Both Intel and AMD powered laptops come with an integrated graphics chip. They are weaker than discrete GPUs but let you run normal tasks smoothly. A discrete graphics card from NVIDIA or AMD is essential if you want to play the latest demanding games or do high-res video editing. Like CPUs, graphics cards also come in high-end and low-end variants. It’s worth noting that laptops with dedicated graphics are on the expensive side, i.e. Rs 40,000 and above.
Laptops fall under three storage configurations- HDD, SSD, and hybrid (HDD+SSD). If you can afford it and don’t require a lot of storage space, a laptop equipped with an SSD is a good choice. Solid State Drives feature flash storage without any moving parts, and hence are less prone to mechanical failure compared to traditional hard drives. They also offer faster read/write performance and response/boot time, and consume less battery too. HDDs have the advantage of offering high capacity storage at comparatively lower pricer. Most entry-level laptops feature HDDs. Many OEM’s these days offer hybrid drives which include both HDDs and SSDs, offering better performance than a standalone HDD at a slightly higher price.
The operating system boils down to user preference. There are three main operating systems found on commercial laptops:
- Windows: The latest version of Microsoft’s OS is Windows 10. It offers various features like the Cortana digital assistant, Windows Hello authentication and touchscreen support. A majority of laptops in the market are powered by Windows OS, and they are available across all price bands.
- macOS: The latest version of Apple’s desktop operating system is macOS High Sierra. macOS features a different UI, but offers the same functionalities as Windows 10. However, it offers better security than Windows and smooth integration with Apple’s mobile platform, iOS. macOS tends to be preferred by content creators, writers and graphic designers.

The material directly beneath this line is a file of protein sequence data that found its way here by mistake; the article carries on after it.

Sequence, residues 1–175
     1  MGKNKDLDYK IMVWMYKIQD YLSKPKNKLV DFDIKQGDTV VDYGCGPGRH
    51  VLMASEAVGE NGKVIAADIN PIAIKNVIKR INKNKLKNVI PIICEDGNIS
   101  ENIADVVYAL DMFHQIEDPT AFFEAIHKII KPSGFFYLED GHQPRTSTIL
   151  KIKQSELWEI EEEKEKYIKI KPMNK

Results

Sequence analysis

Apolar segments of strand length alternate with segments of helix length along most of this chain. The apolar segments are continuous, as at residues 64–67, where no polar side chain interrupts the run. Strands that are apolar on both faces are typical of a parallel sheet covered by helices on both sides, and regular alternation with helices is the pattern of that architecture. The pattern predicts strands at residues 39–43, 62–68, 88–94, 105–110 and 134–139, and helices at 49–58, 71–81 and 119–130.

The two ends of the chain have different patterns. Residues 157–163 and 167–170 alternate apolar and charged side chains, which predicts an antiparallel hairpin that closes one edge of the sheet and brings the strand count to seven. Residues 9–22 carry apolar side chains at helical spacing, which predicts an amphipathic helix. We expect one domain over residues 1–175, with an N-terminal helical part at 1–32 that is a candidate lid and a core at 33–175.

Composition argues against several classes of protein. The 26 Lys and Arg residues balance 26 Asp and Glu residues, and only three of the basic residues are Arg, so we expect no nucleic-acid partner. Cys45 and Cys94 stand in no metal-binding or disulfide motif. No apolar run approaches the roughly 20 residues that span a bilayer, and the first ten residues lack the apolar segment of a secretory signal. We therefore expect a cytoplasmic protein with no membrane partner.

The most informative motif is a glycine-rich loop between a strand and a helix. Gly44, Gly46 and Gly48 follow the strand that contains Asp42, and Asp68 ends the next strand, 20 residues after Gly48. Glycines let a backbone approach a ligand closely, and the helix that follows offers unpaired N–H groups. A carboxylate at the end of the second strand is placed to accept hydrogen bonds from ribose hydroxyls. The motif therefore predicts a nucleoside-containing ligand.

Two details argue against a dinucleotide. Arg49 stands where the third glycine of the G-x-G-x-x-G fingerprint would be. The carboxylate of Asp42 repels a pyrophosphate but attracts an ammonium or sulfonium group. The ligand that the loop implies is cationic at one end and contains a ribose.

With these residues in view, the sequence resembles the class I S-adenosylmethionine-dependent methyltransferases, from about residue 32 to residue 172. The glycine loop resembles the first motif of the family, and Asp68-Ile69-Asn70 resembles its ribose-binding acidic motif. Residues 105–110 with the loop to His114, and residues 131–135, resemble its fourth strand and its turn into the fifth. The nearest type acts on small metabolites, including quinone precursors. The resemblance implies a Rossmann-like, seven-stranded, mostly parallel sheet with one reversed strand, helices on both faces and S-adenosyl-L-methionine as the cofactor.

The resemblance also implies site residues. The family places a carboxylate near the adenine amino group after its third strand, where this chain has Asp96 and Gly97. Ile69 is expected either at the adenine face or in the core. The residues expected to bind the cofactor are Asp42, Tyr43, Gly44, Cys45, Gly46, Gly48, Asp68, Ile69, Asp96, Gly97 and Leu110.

- Chrome OS: Laptops running on Google’s Chrome OS are called Chromebooks. Users get access to a large number of web apps, but the functionality is restricted when offline. Chrome OS devices also tend to offer limited storage, and hence are ideal for school usage.
Battery and Connectivity
Battery life is another important parameter one should consider while purchasing a new laptop. Many manufacturers don’t advertise true battery figures. A number of variables like screen brightness and apps running in the background affect battery life. If the battery life is rated at 10 hours, expect the laptop to last for around 7 hours. The same goes for laptops claimed to last for 6-7 hours, which will likely offer a battery life of 3-4 hours.
On the connectivity front, it’s recommended to purchase a laptop with a good number of ports. Most mainstream laptops feature USB Type-A and HDMI ports. Nowadays, plenty of them come with USB Type-C or Thunderbolt 3 ports as well. Many premium laptops, including Apple’s MacBooks, have begun forgoing mainstream ports in favour of a couple of USB Type-C ports for both charging and connectivity. In this case, you’ll have to buy a dongle separately to connect other devices. Other basic connectivity options include a 3.5mm audio jack, Ethernet port and an SD card reader, and you need to evaluate all of these and match them against your own use cases to make sure the laptop you choose has what you need.
Brand and Warranty
Like most gadgets, there are options galore while choosing the brand of laptop. Popular ones include Dell, Lenovo, HP, Asus and Acer for Windows. Apple’s Macbooks come in Air and Pro variations depending on your needs. Apart from personal preference, the choice of the brand should also depend on the warranty and tech support. Most laptops come with a standard one-year warranty, and if you have an option to extend the warranty, it’s a good idea to spend a little extra on this. Do some research on the quality of a brand’s after-sales support in your city before you make a decision.